By Daedalus Howell
AMHERST, Mass. — To the layperson, the term “net-zero” might sound like something is amiss with one’s business. These days, if you’re in the business of building green-themed colleges, it’s the pinnacle of achievement. One such facility is the new R.W. Kern Center on the Hampshire College campus in Amherst, Mass.
Designed by Cambridge-based firm Bruner/Cott & Associates, the 17,000-square-foot R.W. Kern Center has been certified as a Living Building by the International Living Future Institute (ILFI).
“This project was transformational for our firm,” said Bruner/Cott Principal-in-Charge Jason Forney in a statement. “A warming planet, scarcity of good water, human inequality and the destruction of a fragile environment call for a rapid evolution in thinking about how buildings can have positive impacts. The Living Building Challenge offers a rigorous but flexible framework for that thinking.”
Hampshire alumnus Jonathan Wright, founder and senior advisor of Wright Builders, Inc., served as construction manager.
The building is now part of a roster that includes just 16 other Living Buildings presently certified and is remarkable as the world’s largest such Living Certified higher-education project. The center cost $10.4 million, including $7.4 million in construction and was funded entirely by donors, most notably the family of alumnus William “Bill” Kern, who also gifted their name to the structure.
“The R.W. Kern Center represents Hampshire’s mission and values, who we are and what we believe,” said Hampshire College President Jonathan Lash in a statement. “The building’s value is in teaching what’s possible and inspiring questions about how we impact our surroundings. For everyone who visits the center — which operates net-zero energy, water and waste; avoids toxic materials; and reduces our carbon footprint—we want them to ask, ‘Why would anyone build any other way?'”
The center unfolded in stages, beginning with a multifunctional welcome center that came online in April 2016. Boasting a central double-height, glass-pavilion atrium that houses a café, lounge and gallery, the structure showcases the surrounding natural environs with impressive views. Admissions and financial aid offices are sequestered in two stone-clad wings. Classrooms boast views of a nearby amphitheater, and rainwater harvesting reservoirs and a solar farm, as well as an orchard and wildflower meadow, thrive throughout the campus.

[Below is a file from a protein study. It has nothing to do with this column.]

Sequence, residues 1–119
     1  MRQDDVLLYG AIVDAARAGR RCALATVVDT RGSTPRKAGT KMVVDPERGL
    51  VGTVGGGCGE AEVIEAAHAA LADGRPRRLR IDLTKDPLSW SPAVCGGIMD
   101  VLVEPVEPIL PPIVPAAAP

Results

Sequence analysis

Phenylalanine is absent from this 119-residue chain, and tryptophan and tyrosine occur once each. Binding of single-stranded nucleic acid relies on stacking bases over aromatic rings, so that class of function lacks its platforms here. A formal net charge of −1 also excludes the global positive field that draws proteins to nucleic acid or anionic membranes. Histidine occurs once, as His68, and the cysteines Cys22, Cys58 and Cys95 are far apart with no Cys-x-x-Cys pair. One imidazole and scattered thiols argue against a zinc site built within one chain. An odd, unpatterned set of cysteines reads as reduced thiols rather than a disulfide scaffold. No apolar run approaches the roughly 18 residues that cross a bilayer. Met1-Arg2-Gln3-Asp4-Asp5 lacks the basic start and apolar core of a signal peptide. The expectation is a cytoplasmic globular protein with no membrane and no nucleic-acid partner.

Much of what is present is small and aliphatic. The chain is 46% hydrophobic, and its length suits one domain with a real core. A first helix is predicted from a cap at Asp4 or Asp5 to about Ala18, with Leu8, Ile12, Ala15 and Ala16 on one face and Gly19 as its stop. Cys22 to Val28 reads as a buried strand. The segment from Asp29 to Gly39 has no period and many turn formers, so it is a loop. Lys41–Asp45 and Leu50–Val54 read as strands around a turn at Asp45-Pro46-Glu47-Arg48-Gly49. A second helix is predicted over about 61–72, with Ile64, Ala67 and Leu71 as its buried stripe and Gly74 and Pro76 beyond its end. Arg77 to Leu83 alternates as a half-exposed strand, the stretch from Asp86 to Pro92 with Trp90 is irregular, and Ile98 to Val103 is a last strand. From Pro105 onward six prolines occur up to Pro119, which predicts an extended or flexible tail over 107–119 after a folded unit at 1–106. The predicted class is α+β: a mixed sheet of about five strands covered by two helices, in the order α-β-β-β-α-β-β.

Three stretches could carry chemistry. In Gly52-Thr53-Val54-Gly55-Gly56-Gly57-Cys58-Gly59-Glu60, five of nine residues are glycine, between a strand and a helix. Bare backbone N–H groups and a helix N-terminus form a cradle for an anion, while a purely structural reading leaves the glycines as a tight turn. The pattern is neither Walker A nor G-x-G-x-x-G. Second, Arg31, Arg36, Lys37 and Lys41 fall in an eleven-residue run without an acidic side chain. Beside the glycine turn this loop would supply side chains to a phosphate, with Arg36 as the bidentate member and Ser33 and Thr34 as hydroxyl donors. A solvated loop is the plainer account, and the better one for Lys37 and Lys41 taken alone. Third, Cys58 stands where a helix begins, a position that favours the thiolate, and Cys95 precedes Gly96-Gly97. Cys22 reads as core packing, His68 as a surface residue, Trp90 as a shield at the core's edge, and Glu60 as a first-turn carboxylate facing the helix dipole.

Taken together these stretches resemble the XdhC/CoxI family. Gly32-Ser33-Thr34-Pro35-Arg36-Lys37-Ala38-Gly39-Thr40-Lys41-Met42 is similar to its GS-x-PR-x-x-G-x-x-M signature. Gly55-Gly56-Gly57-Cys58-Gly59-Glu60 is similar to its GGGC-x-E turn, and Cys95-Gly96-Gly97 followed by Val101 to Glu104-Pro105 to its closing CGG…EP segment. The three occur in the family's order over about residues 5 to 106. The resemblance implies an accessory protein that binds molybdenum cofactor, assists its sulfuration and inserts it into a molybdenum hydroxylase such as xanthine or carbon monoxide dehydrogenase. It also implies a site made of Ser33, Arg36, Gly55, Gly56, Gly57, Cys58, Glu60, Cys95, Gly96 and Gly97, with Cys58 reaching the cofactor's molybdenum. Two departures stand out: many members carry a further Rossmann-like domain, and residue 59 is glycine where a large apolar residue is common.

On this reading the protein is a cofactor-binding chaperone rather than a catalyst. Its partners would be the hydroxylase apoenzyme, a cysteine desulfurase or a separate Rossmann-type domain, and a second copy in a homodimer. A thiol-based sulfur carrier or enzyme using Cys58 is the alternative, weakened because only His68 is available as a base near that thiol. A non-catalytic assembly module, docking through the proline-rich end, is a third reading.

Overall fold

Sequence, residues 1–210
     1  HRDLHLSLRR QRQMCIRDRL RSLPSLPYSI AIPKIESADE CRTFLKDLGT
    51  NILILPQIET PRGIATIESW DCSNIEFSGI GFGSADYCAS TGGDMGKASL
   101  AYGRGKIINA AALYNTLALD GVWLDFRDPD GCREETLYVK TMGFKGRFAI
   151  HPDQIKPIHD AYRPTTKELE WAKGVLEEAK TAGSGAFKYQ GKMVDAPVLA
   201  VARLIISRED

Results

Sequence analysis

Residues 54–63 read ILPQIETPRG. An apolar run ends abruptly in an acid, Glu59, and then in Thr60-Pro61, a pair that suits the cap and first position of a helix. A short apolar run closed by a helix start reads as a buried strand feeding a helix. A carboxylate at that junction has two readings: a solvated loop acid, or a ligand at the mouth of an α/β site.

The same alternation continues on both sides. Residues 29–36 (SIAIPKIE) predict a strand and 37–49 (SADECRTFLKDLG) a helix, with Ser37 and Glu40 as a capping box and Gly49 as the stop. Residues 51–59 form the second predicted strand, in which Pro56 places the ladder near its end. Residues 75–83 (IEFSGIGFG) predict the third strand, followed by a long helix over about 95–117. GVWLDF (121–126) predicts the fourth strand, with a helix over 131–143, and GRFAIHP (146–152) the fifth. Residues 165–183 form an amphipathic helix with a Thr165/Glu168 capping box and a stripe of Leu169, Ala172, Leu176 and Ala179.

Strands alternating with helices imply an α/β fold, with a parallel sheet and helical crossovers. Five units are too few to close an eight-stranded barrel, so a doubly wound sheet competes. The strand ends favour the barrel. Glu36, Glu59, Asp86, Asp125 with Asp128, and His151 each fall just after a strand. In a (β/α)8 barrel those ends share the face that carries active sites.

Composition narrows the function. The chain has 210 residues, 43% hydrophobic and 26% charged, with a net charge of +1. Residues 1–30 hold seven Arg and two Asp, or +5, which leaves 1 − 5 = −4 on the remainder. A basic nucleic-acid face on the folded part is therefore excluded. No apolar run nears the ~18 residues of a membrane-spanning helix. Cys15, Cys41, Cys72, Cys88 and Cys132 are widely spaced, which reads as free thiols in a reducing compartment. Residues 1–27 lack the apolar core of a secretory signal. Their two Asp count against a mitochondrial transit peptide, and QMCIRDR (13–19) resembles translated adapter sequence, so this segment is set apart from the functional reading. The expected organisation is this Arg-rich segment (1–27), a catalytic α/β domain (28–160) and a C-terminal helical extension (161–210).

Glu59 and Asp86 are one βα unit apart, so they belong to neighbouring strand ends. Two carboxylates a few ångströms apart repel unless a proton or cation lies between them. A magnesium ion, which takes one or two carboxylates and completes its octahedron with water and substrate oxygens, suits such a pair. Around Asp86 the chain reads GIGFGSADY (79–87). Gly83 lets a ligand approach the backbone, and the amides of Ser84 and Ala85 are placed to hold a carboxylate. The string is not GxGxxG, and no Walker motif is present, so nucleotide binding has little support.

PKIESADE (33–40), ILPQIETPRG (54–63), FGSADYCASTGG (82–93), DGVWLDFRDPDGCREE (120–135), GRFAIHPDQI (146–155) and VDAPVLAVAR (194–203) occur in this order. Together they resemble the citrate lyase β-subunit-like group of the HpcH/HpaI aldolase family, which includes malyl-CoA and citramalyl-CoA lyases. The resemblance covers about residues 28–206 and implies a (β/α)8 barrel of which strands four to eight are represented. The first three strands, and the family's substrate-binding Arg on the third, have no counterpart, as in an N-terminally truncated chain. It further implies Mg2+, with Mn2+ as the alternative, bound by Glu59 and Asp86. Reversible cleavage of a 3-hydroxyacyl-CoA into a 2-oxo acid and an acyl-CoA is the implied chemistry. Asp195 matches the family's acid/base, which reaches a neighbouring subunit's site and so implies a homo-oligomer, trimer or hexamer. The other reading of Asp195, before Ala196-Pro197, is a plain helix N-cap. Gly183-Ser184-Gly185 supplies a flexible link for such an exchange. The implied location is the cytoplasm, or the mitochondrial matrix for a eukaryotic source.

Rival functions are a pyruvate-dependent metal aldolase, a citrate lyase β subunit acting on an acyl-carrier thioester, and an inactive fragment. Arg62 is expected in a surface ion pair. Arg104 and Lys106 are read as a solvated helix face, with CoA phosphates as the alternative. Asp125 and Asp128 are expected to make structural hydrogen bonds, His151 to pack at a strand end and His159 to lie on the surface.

Among the features that underscore the building’s energy efficiency are its rooftop solar canopy that generates electricity and a rainwater harvesting system that supplies drinking water for the building. Moreover, the project’s rainwater collection and treatment systems are complemented by composting toilets and a greywater-infiltration system. The result is net-zero water usage. Likewise, the photo-voltaic roof generates approximately 17 percent more energy than the building actually uses.
“This beautiful, ambitious project demonstrates the power of possibility, which is the very essence of regenerative design,” said Amanda Sturgeon, CEO of ILFI, in a statement. “A visionary project owner, a skilled and curious design team, and a construction manager who brought craftsmanship to a new level have all conspired to create a building that will not only sustain Hampshire College, but also the entire community of learners who will experience the beauty and resilience of the Kern Center year after year.”